FO calls US report on Pakistan's judicial system 'gratuitous, unwarranted'

Spokesperson says govt firmly believes in separation of powers between executive, legislative and judiciary


Our Correspondent July 27, 2021
FO spokesperson Zahid Hafeez Chaudhri. PHOTO: MOFA/FILE

ISLAMABAD:

The Foreign Office (FO) took strong exception on Tuesday to the “gratuitous and unwarranted comments” about Pakistan’s judicial system in the Investment Climate Statement released by the US State Department recently.

Foreign Office Spokesperson Zahid Hafiz Chaudhri stated that “judiciary in Pakistan is independent and the courts are functioning in accordance with the Constitution and laws of the country”, adding that the “allegations to the contrary were firmly denied as factually incorrect and misleading”.

Chaudhri said in a statement in response to media queries that the government of Pakistan, as a vibrant democracy, firmly believed in the separation of powers between the executive, legislative and the judicial branches of the state.

“There is no question of any coercion or pressure on Pakistan’s judiciary. The baseless assertions made in the report are contradicted by innumerable decisions by Pakistani courts at all levels that meet the highest standards of judicial independence,” the spokesperson added.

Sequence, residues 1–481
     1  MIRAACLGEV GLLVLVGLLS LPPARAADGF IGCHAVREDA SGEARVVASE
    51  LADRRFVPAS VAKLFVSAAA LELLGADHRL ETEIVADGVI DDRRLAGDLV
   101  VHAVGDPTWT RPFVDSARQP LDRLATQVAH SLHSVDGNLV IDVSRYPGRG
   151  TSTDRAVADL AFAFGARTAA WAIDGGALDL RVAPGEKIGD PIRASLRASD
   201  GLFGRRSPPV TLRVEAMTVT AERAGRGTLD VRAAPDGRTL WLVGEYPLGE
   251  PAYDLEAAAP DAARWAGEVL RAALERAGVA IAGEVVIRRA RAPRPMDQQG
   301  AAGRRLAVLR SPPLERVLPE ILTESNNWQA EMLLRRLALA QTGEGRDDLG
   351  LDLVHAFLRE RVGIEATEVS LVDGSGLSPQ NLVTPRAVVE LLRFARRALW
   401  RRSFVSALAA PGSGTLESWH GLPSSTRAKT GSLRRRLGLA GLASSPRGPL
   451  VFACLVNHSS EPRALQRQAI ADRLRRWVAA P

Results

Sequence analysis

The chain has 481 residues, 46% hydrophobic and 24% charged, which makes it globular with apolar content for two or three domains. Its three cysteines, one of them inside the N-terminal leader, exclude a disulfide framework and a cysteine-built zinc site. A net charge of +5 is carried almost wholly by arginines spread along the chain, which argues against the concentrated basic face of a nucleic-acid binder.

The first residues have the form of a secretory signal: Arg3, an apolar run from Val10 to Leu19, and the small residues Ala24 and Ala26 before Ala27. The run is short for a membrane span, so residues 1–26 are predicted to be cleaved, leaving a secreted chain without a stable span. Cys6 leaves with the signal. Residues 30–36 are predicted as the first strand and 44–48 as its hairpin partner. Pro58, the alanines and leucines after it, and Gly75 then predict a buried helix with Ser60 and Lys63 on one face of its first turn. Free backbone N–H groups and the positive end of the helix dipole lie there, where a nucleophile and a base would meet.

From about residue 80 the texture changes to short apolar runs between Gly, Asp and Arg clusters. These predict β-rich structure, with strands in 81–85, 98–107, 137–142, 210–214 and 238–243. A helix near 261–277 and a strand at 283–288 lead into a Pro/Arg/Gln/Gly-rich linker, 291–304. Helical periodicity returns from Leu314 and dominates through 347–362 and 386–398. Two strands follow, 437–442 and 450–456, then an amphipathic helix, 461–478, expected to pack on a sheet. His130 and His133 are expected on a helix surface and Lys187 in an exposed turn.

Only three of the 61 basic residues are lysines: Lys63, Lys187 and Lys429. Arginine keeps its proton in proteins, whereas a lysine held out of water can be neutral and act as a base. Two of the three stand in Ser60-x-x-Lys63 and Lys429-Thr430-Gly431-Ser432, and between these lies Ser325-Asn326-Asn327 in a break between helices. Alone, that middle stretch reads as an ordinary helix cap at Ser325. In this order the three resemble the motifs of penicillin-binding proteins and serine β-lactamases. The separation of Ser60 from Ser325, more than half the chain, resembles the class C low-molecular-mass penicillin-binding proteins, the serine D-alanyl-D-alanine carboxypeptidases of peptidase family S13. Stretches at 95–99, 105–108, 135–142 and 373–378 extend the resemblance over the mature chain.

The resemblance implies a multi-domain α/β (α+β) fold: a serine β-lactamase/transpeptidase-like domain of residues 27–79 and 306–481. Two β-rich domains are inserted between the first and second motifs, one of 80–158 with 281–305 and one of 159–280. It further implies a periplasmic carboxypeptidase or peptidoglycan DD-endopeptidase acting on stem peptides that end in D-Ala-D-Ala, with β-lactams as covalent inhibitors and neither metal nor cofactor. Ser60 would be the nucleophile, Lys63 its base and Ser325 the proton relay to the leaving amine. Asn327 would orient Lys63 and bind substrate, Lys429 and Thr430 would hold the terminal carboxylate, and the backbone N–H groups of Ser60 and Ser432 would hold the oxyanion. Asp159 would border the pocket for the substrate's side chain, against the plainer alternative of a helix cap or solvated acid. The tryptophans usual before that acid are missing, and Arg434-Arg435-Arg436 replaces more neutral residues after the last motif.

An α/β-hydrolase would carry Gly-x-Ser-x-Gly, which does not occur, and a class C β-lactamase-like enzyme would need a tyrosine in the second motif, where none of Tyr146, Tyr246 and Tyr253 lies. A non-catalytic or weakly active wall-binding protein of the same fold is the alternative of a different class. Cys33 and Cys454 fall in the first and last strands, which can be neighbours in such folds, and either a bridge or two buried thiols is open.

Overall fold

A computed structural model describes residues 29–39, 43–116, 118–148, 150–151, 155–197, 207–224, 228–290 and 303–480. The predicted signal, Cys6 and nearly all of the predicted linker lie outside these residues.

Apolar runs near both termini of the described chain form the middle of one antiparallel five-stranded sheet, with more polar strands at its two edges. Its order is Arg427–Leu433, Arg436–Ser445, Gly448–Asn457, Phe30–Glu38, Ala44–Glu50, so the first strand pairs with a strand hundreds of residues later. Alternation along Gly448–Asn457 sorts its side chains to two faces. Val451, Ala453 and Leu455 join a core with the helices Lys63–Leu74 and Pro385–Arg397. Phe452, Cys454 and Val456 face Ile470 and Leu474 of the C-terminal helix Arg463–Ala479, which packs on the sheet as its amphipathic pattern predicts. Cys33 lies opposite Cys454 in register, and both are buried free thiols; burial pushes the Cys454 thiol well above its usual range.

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According to Chaudhri, the statement acknowledged the progress and reforms undertaken by Pakistan in improving its business and investment climate despite extremely difficult circumstances due to the pandemic, but it speculated on alleged shortcomings in Pakistan’s regulatory framework and based its conclusions on unverifiable sources.

“Mutually beneficial cooperation in the areas of economy, trade and investment with the international community, including the US, is one of the key priorities of the government of Pakistan,” he said. “Pakistan will continue to take steps to optimally realise its geo-economic potential.”

The State Department issued its Investment Climate Statements, which provide information on the business climates of more than 170 economies. The statements said despite a relatively open foreign investment regime, Pakistan remained a challenging environment for foreign investors.

They said that “most international norms and standards incorporated in Pakistan’s regulatory system, including commercial matters, are influenced by British law [while] laws governing domestic or personal matters are strongly influenced by Islamic Sharia Law”.

“Pakistan’s judiciary is influenced by the government and other stakeholders. The lower judiciary is influenced by the executive branch and seen as lacking competence and fairness. It currently faces a significant backlog of unresolved cases,” the statements added.

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